One other bit that I find amazing is how much the media — even those at MSNBC — keep fawning over Rex Tillerson. Unlike Trump, the guy can manage to get both legs in the pants in the morning and manage to not destabilize all U.S. foreign and domestic policy come lunch. But these facts alone do not make him a good Secretary of State. He’ll undermine all our climate policies. The foxes are in the hen house.

      Reply
  9. Matthew Greenwood

     /  March 7, 2017

    Meanwhile the Trump Presidency’s draft budget proposes a 26 percent cut to the NOAA budget. Forget science when we have Nostrodamus, the Farmers’ Alamanac and the Book of Revelations ?

    Reply
  10. Cate

     /  March 7, 2017

    http://www.cbc.ca/news/canada/north/yukon-species-list-walrus-cattails-biodiversity-1.4012151

    Yukon species list shows climate change in action: many new species of plants and animals are occurring in the Yukon.

    ‘In the North, things are changing so violently it’s amazing,’ says biologist Dave Mossop

    “The old idea that there is some kind of debate about climate change — there’s no debate in the North about climate change, there’s no question it’s happening. And some of these changes are actually quite troubling.” …..maintaining and updating the Yukon species list is crucial for tracking ongoing change, such as “shrubification, loss of lands, change of ranges, species using novel habitats.”

    A commenter notes that the fire season in Alberta has been advanced one month, from the traditional April 1 to March 1 “due to increasing dryness of the forests.”

    Reply
  11. Cate

     /  March 7, 2017

    http://www.cbc.ca/news/canada/north/arctic-sea-ice-shrinking-paris-agreement-1.4012156

    The +2C limit may not be enough to save Arctic sea-ice.

    “The 2 degrees Celsius target may be insufficient to prevent an ice-free Arctic,” James Screen and Daniel Williamson of Exeter University in Britain wrote in the journal Nature Climate Change after a statistical review of ice projections….
    And they said they estimated a 73 per cent probability that the ice would disappear in summer unless governments make deeper cuts in emissions than their existing plans. They estimated temperatures will rise 3 C on current trends…..
    In March 2017, the extent of Arctic sea ice is rivaling 2016 and 2015 as the smallest for the time of year since satellite records began in the late 1970s. The ice reaches a winter maximum in March and a summer minimum in September.
    “In less than 40 years, we have almost halved the summer sea ice cover,” said Tor Eldevik, a professor at the Bjerknes Centre for Climate Research at the University of Bergen in Norway, who was not involved in the study.
    He predicted that sea ice would vanish in the Arctic Ocean in about another 40 years, on current trends.”

    Reply
    • Cate

       /  March 7, 2017

      The Guardian is also reporting this story, as is phys.org here:

      https://phys.org/news/2017-03-arctic-sea-ice-doomed.html

      Reply
    • There seems to be a general cognitive dissonance process with most of the scientific community with respect to the ice/albedo tipping point in the Arctic when significant areas of open water open up during the summer months. Then it will be the Arctic driving temperature changes and further rapid ice loss. Seems their computer (and mental) models just can’t deal with the immediacy of discontinuous change in the Arctic. “In about 40 years” just does not equate to reality.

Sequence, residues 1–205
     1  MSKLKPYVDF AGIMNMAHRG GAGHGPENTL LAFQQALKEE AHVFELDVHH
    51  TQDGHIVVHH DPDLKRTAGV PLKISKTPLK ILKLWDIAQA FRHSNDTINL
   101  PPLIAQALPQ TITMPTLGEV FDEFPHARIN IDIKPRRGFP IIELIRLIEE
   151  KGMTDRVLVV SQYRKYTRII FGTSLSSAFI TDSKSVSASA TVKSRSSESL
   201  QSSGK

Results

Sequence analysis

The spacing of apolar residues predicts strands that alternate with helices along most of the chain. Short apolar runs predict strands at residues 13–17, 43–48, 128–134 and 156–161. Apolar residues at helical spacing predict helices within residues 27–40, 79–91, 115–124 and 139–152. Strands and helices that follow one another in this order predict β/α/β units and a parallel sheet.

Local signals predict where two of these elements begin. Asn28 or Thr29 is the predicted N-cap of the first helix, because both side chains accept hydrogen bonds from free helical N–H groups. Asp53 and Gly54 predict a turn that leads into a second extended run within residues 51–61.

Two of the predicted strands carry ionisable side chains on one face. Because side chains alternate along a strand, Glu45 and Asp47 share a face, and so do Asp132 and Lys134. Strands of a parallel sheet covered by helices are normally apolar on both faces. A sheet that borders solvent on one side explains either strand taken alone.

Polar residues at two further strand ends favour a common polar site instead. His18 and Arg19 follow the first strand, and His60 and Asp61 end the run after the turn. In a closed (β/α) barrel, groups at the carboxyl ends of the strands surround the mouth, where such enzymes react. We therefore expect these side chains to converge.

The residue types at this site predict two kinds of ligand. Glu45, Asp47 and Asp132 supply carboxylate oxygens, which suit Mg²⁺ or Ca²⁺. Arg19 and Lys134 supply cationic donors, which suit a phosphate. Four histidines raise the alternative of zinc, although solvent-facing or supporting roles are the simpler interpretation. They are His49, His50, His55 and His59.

A bit like the 2008 financial crash that “nobody saw coming” (apart from a small group of heterodox economists). There is a small group of scientists who see the reality in the Arctic while the rest just don’t seem to get it. I am waiting for the newspaper headlines of “ice free Arctic nobody saw it coming” within the next few years.

      Reply
      • Matt

         /  March 8, 2017

        Totally agree Roger!
        The main reason IMHO for this apparent blindness is a constant focus on extent rather than volume!
        One only has to eyeball ALR’s excellent graph above to see that the summer (Sept) VOLUME has decreased from approx. 17,000 cubic km to under 5,000 cubic km since 1979……so approx. 1000 cubic km per 3 years. Volume is the most important ice measure to consider (and hardest to calculate).
        So at best case scenario we have a tad less than 15 years if the loss was uniform, which as we all know… it isn’t.

        Reply
      • mulga mumblebrain

         /  March 8, 2017

        The mainstream scientific community have acted bizarrely, and now, disgracefully, by ignoring the reality of Arctic changes. It is truly mystifying. Are they frightened of being embarrassed that their predictions have proved so inaccurate? Are they frightened of vilification and vendettas by the Right? Are they frightened of losing their jobs or finance? The longer it lasts, the more unbelievable it all becomes.

        Reply
        • Matt

           /  March 9, 2017

          I am not sure of the answer to that one? Surely when publishing date ranges for the disappearance of Arctic ice in summer (BTW my back of table cloth estimations above were also conservative given the 1M Squ Km extent definition of ice free) a simple extrapolation of “observed” trend would make it into the models?
          Even if they were to ignore the actual trend and just go for a simple best fit trend line, there is no way we are looking at above 15 years……….
          Am I missing something? Wadhams predicted roughly around this date plus or minus a few years did he not? and he has been the butt of jokes from many. Why? Over on Neven’s forum there have been many calculations done recently showing that with even recent average melt this summer we will be not far off the “technical” ice free summer status.

        • Current trend seems to put the most likely near zero ice date sometime between 2020 and 2025. We could make it to the early 2030s if we are lucky and if we are very unlucky, we could see near zero sooner. I don’t see how we can make it beyond the early 2030s under present trends.